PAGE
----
Born at Nottingham, England, Howitt came out to the Victorian goldfields with his father and brother in 1852. He became an accomplished bushman and had conducted two successful explorations when he was selected in 1861 to search for whatever remained of the Burke and Wills expedition.
Howitt avoided every mistake of his predecessors. Travelling only with necessary equipment and with a small, handpicked crew, he made the journey to Cooper's Creek in a fraction of the time it had taken Burke.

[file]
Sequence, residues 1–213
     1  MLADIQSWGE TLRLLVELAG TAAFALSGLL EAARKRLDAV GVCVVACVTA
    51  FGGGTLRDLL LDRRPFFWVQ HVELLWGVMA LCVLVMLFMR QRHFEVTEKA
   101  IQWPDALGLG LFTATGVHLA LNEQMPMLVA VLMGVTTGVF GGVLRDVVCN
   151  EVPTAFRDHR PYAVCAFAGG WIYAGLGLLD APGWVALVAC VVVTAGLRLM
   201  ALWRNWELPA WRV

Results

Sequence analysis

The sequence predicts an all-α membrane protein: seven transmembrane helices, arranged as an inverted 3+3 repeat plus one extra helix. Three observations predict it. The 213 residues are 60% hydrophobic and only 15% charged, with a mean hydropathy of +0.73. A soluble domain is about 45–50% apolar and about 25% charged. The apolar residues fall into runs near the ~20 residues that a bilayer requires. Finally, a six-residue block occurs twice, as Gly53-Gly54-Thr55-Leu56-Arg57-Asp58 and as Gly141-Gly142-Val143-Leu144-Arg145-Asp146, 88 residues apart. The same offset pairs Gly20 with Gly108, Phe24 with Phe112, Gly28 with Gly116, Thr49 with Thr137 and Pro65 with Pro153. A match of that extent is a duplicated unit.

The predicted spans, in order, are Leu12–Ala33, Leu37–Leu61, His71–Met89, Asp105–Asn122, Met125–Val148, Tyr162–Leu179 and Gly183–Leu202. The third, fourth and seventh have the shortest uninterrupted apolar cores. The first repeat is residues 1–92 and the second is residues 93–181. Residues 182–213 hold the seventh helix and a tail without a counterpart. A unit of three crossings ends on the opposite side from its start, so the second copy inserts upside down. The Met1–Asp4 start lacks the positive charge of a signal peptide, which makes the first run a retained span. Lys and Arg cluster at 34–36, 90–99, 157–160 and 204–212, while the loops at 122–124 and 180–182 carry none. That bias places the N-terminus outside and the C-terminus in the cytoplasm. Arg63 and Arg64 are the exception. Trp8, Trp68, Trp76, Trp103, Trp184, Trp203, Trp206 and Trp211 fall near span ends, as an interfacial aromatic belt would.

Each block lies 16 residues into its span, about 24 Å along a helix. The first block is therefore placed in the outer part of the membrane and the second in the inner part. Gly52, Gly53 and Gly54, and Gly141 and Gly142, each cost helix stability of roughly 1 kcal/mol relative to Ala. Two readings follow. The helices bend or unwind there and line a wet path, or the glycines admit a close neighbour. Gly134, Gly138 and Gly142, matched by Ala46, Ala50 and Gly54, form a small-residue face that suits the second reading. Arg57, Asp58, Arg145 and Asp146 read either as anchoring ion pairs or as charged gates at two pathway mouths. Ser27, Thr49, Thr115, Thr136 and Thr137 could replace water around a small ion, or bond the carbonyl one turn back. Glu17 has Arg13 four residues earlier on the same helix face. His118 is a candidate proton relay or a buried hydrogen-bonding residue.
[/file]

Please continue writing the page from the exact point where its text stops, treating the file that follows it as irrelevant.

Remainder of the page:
After this success he began a long and busy career in public administration, but he is best known today for his work as a pioneering anthropologist, conducted entirely in his spare time. Howitt was one of the first to scientifically study Aboriginal culture and society. His major work Kamilaroi and Kurnai (1879) was recognised internationally as a landmark in the development of the modern science of anthropology.